Longfellow Middle School

Wauwatosa, WI

Nos Ancêtres les Français

Exposition Préparéé par les étudiants de Mademoiselle Ahner, Professeur de Franšais 6, 7, 8

NICOLAS PERROT
by Dawn Lindsay
Nicolas Perrot, also known as "the greatest Frenchman" of the West, is a very important part of Wisconsin history. He gained alliances and friendships with all of the Native Americans on Lake Superior. In 1685 Perrot became commandant of the West. He built the first fort on the upper Mississippi, claiming the land for France. Also a relic, found in 1802, which belonged to Perrot, is now the oldest relic of the French regime in Wisconsin.

DANIEL DU LUTH
by Janea Roberson
In 1678 he built a small fort at the portage. The first fort was built in interior Wisconsin. He got his license in 1683 to trade in the West. From 1678-1689 Duluth added an empire in the West to New France.

CHARLES LANGLADE- 1729-1800
by Julia Ruff
Charles Langlade fought in the French and Indian war in 99 battles, between 1754-1760. He led a victory over the commander and chief of the British forces with a band of Wisconsin Indians. He also built the first home in the area of Green Bay it established a trading post there. Langlade county, Wisconsin is also named after him. He is also known as the Father of Wisconsin.

LOUIS JOLLIET
by Craig Lillie
Louis Jolliet was born in Quebec City. He was a great Canadian explorer. He was a traveler that mainly went to trade for fur out west. He got picked to travel with Father Marquette and five other people to find the Mississippi River, which they found in 1673. In 1679 he bought the fur trade post of Sept-Iles. When he was trying to find the Mississippi he went through Green Bay, traveled up the Fox River and went down to find the Mississippi. They turned back afraid of being attacked by people that already lived there. Many people believe that they were the first white people to see the upper Wisconsin rivers. In conclusion, I think that Louis Jolliet was a great Canadian explorer.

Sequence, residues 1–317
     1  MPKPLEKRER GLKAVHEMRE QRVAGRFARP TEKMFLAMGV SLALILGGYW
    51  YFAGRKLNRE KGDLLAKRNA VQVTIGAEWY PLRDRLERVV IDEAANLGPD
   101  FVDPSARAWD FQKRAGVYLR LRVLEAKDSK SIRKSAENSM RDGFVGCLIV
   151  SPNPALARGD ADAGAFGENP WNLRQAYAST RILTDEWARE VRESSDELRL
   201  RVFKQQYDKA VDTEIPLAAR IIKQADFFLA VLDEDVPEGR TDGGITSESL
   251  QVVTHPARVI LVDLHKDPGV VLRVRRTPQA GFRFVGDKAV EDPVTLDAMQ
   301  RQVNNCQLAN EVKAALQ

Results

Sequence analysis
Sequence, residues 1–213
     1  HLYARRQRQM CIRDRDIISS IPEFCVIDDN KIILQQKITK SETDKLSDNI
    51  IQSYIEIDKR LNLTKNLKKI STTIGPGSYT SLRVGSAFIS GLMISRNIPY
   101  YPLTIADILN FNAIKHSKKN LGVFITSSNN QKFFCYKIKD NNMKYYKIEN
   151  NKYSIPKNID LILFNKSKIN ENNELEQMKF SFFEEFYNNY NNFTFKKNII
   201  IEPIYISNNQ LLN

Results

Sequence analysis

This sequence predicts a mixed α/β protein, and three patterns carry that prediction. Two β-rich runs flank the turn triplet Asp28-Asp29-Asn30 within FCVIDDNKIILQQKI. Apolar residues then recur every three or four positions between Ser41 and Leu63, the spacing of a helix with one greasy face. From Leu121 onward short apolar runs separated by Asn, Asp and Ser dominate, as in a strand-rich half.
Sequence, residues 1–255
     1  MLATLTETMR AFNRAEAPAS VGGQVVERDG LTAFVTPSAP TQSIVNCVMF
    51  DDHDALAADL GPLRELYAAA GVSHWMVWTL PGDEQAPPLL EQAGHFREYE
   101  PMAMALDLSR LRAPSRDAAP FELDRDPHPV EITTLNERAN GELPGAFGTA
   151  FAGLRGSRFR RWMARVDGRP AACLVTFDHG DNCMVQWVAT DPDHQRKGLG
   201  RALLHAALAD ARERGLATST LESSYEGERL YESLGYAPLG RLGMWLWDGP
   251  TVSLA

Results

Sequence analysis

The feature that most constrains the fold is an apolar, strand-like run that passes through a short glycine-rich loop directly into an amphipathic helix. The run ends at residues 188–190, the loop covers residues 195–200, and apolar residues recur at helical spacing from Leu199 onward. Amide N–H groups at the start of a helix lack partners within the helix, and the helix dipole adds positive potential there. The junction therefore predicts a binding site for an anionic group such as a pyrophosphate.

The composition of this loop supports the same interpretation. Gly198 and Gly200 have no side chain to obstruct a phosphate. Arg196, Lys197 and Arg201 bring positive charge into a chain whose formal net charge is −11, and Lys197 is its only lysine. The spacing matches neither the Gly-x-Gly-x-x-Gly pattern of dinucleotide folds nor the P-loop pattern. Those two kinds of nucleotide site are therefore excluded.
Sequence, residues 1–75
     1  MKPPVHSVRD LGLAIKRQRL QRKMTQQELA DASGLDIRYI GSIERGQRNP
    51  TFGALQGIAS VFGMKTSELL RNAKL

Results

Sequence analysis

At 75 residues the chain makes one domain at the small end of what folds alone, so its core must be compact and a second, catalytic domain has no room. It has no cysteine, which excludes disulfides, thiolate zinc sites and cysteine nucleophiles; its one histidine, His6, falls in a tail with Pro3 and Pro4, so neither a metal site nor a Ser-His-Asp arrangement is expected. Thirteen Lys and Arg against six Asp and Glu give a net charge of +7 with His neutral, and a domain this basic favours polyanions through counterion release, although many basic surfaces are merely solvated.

FR. CLAUDE ALLOUEZ
by Meghan Dunn
Fr. Claude Allouez was born in 1622. He lived and conducted his Missionary work among twenty different Indian tribes. He baptized over 1000 Indians. He and 2 Indian guides paddled the entire coast of Lake Superior. His notes were later used to draw remarkable maps of that area. Allouez founded the first house of Christian worship in Wisconsin in 1666. He died in 1689 and is re membered as the father of Wisconsin missions and the successor to Fr. Menard.

LE PREMIER MISSIONAIRE FRANÇAIS, LE PÈRE RENÉ MÉNARD
by Robert DuRay
Father Menard was one of the first missionaires to the Wisconsin Indians. He worked with the Ottawa Indians in the Lake Superior region and was the first of his order to penetrate the Mississippi Valley. He left the area to help some other starving Indians. On his way, he lost the trail while portaging and was never heard from again. Because of his loving character and hard work with the Indians, Father Menard earned a spot in the history of Wisconsin.

MADELINE ISLAND by Marlyana "Madeleine" Locklear
Madeline Island is the largest of the Apostle Islands. It is located in Bayfield County, Wisconsin. Jean Baptiste Cadott's son Micheal Cadott visited in 1785, Madeline Island was named after Micheal Cadott wife's re-christened name, Madeline.
JEAN BAPTISTE CADOTT
by Marlayna "Madeleine" Locklear